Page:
When John Brzenk walked in, some of the locals chuckled. They thought it was impossible for a guy John's size to beat Andy. At the time, John only weighed about 195 lbs, he wore glasses, and he was wearing a baseball jacket -- he definitely didn't look intimidating. The locals were so confident, that betting went even higher after John arrived, until the total amount wagered was close to $25,000.

Prior to the start of the match, Andy was acting really cocky. He was swearing, saying how John didn't stand a chance of beating him. He was going to "smash" John. The problem was that he didn't really know anything about armwrestling, and he was about to go up against the best in the game.

It took about five minutes for the two pullers to get their grip set up. Andy like to shoulder press, and he was trying to start with his shoulder forward. He refused to listen to the ref, and kept moving and trying to bring his shoulder in. After enough time had passed, Bill asked John if he was okay to start this way, to which he responded "yes".

A fraction of a second after the ref said "go" the match was already over. John had flashed Andy. Andy's response? "What the fuck was that!?" Most of the people in attendance couldn't believe what they had just witnessed: they were amazed that this average size man could defeat a much bigger man, known to be strong, with such ease.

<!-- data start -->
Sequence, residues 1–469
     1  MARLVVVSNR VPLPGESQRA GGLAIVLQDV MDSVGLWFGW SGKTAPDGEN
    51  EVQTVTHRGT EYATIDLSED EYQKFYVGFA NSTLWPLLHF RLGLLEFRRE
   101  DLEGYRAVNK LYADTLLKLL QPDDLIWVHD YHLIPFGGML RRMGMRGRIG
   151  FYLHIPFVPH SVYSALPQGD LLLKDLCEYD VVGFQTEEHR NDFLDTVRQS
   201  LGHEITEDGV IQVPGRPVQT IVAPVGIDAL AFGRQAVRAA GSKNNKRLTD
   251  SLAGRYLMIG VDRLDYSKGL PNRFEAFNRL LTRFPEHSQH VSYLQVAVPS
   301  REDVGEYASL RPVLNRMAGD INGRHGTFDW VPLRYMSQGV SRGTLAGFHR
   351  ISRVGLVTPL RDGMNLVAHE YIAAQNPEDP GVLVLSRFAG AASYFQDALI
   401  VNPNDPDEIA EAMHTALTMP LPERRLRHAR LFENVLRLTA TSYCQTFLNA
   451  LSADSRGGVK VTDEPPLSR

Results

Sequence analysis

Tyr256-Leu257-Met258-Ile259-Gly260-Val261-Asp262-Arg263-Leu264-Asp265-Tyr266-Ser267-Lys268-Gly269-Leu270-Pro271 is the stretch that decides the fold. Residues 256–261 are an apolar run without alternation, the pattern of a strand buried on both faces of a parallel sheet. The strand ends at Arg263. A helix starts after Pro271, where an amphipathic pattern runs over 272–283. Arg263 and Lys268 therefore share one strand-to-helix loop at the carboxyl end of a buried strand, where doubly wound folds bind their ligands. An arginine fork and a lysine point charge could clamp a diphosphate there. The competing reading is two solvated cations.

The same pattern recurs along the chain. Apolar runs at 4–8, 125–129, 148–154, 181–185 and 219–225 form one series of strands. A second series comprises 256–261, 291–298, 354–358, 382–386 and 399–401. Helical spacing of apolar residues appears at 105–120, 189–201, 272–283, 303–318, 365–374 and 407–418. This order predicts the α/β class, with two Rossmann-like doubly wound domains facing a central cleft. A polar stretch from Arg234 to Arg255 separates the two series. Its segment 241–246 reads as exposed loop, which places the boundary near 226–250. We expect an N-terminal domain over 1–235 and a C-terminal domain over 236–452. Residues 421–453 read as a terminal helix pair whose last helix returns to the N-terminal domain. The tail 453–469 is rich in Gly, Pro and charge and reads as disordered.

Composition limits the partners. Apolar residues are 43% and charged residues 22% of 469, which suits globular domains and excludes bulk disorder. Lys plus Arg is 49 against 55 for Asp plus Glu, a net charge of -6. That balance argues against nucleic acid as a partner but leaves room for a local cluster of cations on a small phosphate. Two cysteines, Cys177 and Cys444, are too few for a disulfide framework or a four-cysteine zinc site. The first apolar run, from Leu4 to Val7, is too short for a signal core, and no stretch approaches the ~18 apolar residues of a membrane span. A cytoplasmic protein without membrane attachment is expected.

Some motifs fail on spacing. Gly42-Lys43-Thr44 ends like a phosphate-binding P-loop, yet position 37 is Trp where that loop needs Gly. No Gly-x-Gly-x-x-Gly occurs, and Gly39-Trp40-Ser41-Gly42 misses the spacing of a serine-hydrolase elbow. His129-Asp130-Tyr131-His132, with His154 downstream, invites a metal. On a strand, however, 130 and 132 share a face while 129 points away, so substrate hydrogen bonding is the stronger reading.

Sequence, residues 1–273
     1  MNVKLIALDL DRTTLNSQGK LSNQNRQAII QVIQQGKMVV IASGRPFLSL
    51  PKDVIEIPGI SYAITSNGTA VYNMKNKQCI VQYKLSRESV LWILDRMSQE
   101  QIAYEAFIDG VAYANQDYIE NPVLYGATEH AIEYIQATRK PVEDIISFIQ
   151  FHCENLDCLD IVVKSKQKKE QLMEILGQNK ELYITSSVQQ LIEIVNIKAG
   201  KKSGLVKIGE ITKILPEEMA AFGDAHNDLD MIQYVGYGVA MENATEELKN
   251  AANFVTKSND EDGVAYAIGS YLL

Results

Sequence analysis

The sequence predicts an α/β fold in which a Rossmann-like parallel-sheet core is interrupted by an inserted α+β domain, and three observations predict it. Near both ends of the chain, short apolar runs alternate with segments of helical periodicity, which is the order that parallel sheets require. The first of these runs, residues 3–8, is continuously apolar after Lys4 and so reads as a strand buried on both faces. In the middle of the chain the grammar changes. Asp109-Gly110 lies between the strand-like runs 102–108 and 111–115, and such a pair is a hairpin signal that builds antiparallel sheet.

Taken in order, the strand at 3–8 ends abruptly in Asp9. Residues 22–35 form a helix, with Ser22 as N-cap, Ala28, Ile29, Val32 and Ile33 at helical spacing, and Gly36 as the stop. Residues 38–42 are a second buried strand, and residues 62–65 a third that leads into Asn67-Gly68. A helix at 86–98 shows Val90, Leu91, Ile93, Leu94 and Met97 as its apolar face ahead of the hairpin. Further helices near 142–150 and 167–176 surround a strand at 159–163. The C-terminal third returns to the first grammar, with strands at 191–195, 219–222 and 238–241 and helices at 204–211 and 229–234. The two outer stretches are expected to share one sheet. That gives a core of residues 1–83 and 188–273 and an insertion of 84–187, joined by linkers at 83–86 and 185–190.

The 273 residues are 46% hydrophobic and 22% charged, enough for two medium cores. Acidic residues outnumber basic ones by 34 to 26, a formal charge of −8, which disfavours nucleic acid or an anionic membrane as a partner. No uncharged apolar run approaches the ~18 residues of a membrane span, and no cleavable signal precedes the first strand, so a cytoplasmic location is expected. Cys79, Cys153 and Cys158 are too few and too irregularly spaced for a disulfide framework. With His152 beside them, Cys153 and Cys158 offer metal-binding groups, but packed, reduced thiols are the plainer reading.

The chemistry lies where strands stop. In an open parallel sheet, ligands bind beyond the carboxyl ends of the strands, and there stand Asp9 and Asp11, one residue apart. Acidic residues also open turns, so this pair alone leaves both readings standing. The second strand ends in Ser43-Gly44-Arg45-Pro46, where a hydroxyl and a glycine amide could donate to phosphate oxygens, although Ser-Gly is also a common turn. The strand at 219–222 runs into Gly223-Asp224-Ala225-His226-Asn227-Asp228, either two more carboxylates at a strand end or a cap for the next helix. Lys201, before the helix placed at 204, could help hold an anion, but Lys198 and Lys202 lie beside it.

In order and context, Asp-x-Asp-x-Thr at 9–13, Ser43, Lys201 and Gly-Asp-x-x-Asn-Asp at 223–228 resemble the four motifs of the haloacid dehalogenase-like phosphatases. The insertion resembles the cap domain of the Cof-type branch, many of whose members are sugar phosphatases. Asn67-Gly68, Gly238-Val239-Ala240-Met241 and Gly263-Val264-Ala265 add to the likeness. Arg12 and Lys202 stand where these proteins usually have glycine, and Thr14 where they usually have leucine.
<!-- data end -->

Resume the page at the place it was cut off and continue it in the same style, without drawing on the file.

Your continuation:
The few who bet on John collected their winnings, and John's share ended up close to $3,000. A few others had heard about the match beforehand but weren't able to get their money in on time to bet. Bill Brzenk, John's brother, wired Bill Ballinger $1,500 to bet on his brother, but didn't get it to him early enough. Mr. Ballinger was a little disappointed that he wasn't able to bet more money as well -- sure bets such as this one don't come around very often.

A funny side story to this match involves Dan Victor. In the weeks following the show, he called a number of different people who were involved in setting up the match. Thought he left several messages, he was having difficulty connecting. He learned afterwards that he was actually facing resistance, because those who won money that day thought he and the other locals were pissed off and wanted their money back. In fact, Dan just wanted to learn more about the sport. He was so impressed and intrigued by John's ability, that he was thinking of giving the sport a try. 

This match won't be remembered for its importance, but John may remember it as some of the easiest money he's ever made.

Written by Eric Roussin
Special thanks to Bill Ballinger, Dan Victor, and John Brzenk.

Copyright Eric Roussin, AHC, Armwrestlers ONLY - No part of this text may be reproduced without written consent from the author.

Read other articles written by Eric Roussin in section: Articles related to the history of armwrestling by Eric Roussin